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Storage conditions and dynamics of magma reservoirs feeding the major pumiceous eruptions of Dominica (Lesser Antilles arc)


IPGP - Îlot Cuvier


Soutenances de thèses


Clara Solaro

Systèmes Volcaniques (GSV)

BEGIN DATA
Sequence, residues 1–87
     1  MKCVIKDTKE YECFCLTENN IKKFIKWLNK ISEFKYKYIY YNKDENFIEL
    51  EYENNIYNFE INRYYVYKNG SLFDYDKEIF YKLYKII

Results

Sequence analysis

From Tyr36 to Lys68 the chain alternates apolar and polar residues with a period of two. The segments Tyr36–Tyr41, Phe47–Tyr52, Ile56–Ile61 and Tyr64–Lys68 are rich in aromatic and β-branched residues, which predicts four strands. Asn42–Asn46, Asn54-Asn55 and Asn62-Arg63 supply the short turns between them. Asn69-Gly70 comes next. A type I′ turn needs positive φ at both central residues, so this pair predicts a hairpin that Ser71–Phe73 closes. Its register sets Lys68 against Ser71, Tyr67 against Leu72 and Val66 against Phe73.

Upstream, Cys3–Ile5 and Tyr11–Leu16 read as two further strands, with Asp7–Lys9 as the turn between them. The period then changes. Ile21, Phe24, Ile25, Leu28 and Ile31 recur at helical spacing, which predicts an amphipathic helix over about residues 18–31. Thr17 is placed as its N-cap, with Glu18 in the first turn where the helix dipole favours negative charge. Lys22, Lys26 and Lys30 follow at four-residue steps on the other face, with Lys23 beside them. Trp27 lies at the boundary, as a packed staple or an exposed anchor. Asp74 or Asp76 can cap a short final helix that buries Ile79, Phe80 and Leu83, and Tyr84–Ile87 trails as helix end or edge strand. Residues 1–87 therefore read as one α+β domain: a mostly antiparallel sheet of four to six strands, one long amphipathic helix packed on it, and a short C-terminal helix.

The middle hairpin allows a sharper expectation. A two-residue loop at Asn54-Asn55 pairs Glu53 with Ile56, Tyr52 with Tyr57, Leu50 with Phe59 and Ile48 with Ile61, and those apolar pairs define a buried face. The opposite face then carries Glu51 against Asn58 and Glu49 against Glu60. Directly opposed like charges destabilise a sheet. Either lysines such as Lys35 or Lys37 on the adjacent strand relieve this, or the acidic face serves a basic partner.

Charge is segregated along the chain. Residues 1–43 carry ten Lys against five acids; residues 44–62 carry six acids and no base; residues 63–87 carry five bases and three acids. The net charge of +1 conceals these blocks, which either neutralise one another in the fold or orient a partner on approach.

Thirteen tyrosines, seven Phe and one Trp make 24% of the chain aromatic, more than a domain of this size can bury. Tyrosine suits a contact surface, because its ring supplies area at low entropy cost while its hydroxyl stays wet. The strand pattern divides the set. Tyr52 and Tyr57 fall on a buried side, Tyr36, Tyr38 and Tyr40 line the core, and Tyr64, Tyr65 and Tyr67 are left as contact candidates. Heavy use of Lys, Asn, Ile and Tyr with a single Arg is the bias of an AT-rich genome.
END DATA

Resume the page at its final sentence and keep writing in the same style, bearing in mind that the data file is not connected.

Large silicic eruptions (tens to hundreds of km3 /eruption) have been a main subject of study for modern volcanology as they represent volcanic events of great impact on environment and human settlement on Earth. Petrologists have demonstrated that the crystal “cargo” of these eruptions can be used to unravel the pre-eruptive dynamic of their magmatic plumbing system and constrain timescales of the related magmatic processes. Specifically, several studies have proved that this “crystal cargo” can be remobilized and brought to eruption in short timescales of decades to centuries, making these systems more dynamic than previously believed. Several ignimbritic eruptions with a volume of the order of ~10 km3 have been recognized in Dominica (Lesser Antilles arc). On the basis of a detailed chronostratigraphy of the deposits, we present an integrated petrological study of the plinian fallout deposit of the latest three ignimbritic eruptions of Layou (~51kyrs cal BP), Roseau (~33kyrs cal BP) and Grand Fond (~24kyrs cal BP). We combine natural and experimental petrology to investigate the prevailing storage conditions within the reservoir that fed each eruption. Whole rocks are all dacites with crystal contents of ~30%, comprising plagioclase (An50-78), orthopyroxene (En47-63), clinopyroxene (Wo44-45), amphibole (Mg# 0.52-0.60) and Fe-Ti oxide (Mag71-75 and Ilm86-87) and rhyolitic residual melt. Pre-eruptive storage conditions of 850 (±5) °C, 400 MPa (16 km depth), ~NNO+1 and melt water content of ~6-8wt% were determined for all studied eruptions through phase equilibria experiments. Orthopyroxenes were used to investigate the architecture and pre-eruptive dynamics of the plumbing system through a crystal system analysis (CSA) combined to a Fe-Mg diffusion modelling. Textural and chemical features of analysed orthopyroxenes prove that for all eruptions ~80-85% of crystals are unzoned while 15-20% present clear normal, reverse and multiple zoning, with reverse zoning being prevalent. Unzoned crystals represent the main magmatic environment (ME) while reverse zoned ones suggest a pre-eruptive perturbation of the reservoir. 4 MEs are evidenced, with a main movement of crystals towards MEs of less evolved composition, linked with the observed reverse zoning. Nevertheless, major element composition of orthopyroxene-hosted melt inclusions shows that all MEs are in equilibrium with the same melt. Combining results on natural and experimental petrology we can define the reservoirs as a highly crystalline (~30%), moderately cold (850°C) and highly oxidized (~NNO+1) environment with 80-85% of unzoned orthopyroxenes, and 15-20% of zoned orthopyroxenes recording record a heating process of 25-30°C, possibly produced by an underplating hotter magma that is responsible of the rejuvenation of the reservoir. By modelling the diffusional relaxation of Fe-Mg chemical gradient on zoned orthopyroxenes, we argue that this heating occurs in short timescales of ~10 years prior to each eruption. This heating process develops, over the considered eruptive time, a plume heating geometry able to bring together, on the scale of the hand sample, crystals of different magmatic environments (MEs).